The Power of Rapid Prototyping
We use the power of design thinking to take your ideas from a concept to a high-quality prototype, so that you can test and deploy your products faster.
In this era of digital transformation, it’s never been more important for companies to be able to find faster and more efficient ways to bring products to market and of course, to iterate on those products so that they can stay ahead of their competition. And while it may seem plainly obvious, many companies still struggle to integrate rapid prototyping into their process. In fact, I still hear clients insist that they know exactly what they want, and that there’s no need to validate and test their ideas with real users before jumping into development.
So I thought it would be worthwhile to dive into some of the many benefits of prototyping during the design process.
“If a picture is worth 1000 words, a prototype is worth 1000 meetings.” — Tom & David Kelley, IDEO
01. Creates a Shared Vision
I’ve sat in countless meetings with leaders of Fortune 500 companies, where the executives would debate ideas presented in presentation decks. And rather than provide clarity or alignment, many times those meetings yielded more confusion instead of collective understanding. Creating a prototype allows everyone to see an incarnation of the solution and how it would work.
I like to say that an idea is very much like a seed planted in the ground. Everyone has a different vision of what that seed will grow into. A prototype makes those ideas tangible. It promotes clarity with stakeholders and team members alike by showing a North Star vision of what is possible. Where a PowerPoint deck might highlight an opportunity and lay out flat representations, a prototype shows how the idea can actually be made manifest. A prototype is something that can not only be seen, but also interacted with, and hence, it holds much more power.
02. Identifies What Works and What Doesn’t
By making and testing a prototype, you’re able to validate your assumptions. At the end of the day, all product and/or business ideas are simply hypotheses. And the best way to test those hypotheses is with experimentation. By creating a rapid prototype of a design solution, businesses can test their concepts with people, and hear users’ thoughts and feelings before going through the time and expense of building and deploying the full product. Seeing a user interact with your prototype can spark new ideas or highlight potential usability issues, or even highlight flaws in the business model. Because we are not our users, testing helps to uncover blind spots in our vision.
03. Explore More Ideas
Another advantage of designing and building prototypes is that it provides an opportunity to explore more ideas, and perhaps, most importantly, a more divergent set of ideas. Because prototypes are, by nature, disposable, it allows your team(s) to try out many concepts, without becoming too attached with a particular one too early.
04. Allows You to Take Bigger Risks
In addition to exploring a broader landscape of possible solutions quickly, prototypes enable you to test out concepts that may feel like bigger swings or dark horses.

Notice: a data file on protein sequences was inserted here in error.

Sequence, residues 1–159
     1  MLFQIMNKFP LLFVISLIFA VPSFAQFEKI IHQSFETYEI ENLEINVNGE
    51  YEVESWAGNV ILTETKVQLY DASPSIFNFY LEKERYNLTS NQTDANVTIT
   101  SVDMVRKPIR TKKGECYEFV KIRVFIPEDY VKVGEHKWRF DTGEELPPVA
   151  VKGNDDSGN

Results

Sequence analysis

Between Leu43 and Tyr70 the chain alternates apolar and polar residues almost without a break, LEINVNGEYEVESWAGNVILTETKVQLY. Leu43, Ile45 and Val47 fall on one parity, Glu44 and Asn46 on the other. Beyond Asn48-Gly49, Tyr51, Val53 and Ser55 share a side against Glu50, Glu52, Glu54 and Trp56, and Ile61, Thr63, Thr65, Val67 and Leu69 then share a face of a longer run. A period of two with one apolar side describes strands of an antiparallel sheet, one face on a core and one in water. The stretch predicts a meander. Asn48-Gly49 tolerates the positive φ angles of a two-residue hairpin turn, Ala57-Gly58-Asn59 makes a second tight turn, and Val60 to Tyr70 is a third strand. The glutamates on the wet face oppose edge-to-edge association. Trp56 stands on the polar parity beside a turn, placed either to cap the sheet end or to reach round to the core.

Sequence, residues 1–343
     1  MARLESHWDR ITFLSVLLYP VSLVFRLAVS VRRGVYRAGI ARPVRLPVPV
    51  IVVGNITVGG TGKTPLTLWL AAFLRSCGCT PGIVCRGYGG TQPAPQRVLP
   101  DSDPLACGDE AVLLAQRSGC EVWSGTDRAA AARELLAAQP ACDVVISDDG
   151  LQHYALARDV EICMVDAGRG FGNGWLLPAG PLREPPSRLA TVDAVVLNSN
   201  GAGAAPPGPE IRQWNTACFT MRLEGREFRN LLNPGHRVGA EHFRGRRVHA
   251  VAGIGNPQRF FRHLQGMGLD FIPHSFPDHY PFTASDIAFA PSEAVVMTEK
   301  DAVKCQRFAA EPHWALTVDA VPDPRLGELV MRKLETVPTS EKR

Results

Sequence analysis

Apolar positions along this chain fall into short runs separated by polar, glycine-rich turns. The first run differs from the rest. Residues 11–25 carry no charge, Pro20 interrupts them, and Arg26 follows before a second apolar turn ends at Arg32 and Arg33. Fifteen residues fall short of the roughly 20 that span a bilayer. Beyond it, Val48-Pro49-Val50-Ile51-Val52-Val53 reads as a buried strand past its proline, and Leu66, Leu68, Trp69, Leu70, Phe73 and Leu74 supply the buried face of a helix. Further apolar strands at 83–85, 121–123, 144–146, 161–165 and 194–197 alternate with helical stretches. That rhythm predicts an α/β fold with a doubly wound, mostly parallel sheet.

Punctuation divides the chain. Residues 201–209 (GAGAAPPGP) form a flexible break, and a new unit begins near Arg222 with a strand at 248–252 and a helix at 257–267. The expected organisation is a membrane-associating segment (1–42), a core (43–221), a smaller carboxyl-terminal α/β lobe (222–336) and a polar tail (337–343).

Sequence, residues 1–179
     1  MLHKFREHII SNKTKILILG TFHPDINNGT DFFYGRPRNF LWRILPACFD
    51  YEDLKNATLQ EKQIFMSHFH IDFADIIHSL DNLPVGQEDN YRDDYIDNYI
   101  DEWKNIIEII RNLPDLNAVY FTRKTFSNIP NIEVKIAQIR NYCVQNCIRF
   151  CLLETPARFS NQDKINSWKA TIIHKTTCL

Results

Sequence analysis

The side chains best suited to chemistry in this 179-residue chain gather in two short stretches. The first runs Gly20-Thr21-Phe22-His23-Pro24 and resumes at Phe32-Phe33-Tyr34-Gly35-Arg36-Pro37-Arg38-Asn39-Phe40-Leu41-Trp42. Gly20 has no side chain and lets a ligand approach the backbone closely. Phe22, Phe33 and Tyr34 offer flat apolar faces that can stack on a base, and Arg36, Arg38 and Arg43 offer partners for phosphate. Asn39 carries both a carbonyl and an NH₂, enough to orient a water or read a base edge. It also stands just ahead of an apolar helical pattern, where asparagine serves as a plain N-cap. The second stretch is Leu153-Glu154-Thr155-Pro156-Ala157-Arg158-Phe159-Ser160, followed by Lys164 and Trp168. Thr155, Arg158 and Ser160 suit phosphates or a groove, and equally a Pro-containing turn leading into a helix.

The cost of building a prototype is vastly cheaper than developing the actual product, and it’s faster to create. Therefore, you can test out riskier ideas that that you wouldn’t otherwise pursue if given only one shot. This allows you to take bigger swings at the bat and to test out unconventional thinking in pursuit of a product market fit. Sometimes the right solutions are found in unexpected places.
05. Derisks a Project
Creating a product can carry a high initial investment, but the cost of bad design is even more expensive. Studies have shown the cost of design changes once a product has shipped can be exponentially more expensive than if those changes were made during the design phase. Leveraging user feedback gathered from your prototype, you can identify issues sooner, such as poor usability or lack of desirability or learnability in your product. It’s always easier and cheaper to fix a problem during the design phase than when the product has already been coded.
06. Builds Stakeholder Buy-in
Instead of asking people to imagine how your idea works, with a prototype you can actually show them. A prototype provides a tangible representation of your vision that people can touch and feel; it’s an artifact that you can demo to executives, stakeholders, potential investors, alike. And where ideas may be cheap and plentiful, the execution of an idea is everything, and a prototype helps bridge that gap from imagination to shareable vision.
07. Provides Design Documentation
Lastly, prototypes can serve as a powerful tool for sharing the vision of the product with developers. A functional prototype can highlight how the design is intended to move, function, and behave. It can illuminate elements such as microinteractions, and provide a common ground to engage in feasibility conversations with engineering.
We’re living in the golden age of prototyping. There’s more tools than ever before to create and test ideas, whether it’s 3d printing or creating a digital facsimile of an app. It’s only a matter of building in the process of prototyping that is needed to take advantage of its many benefits.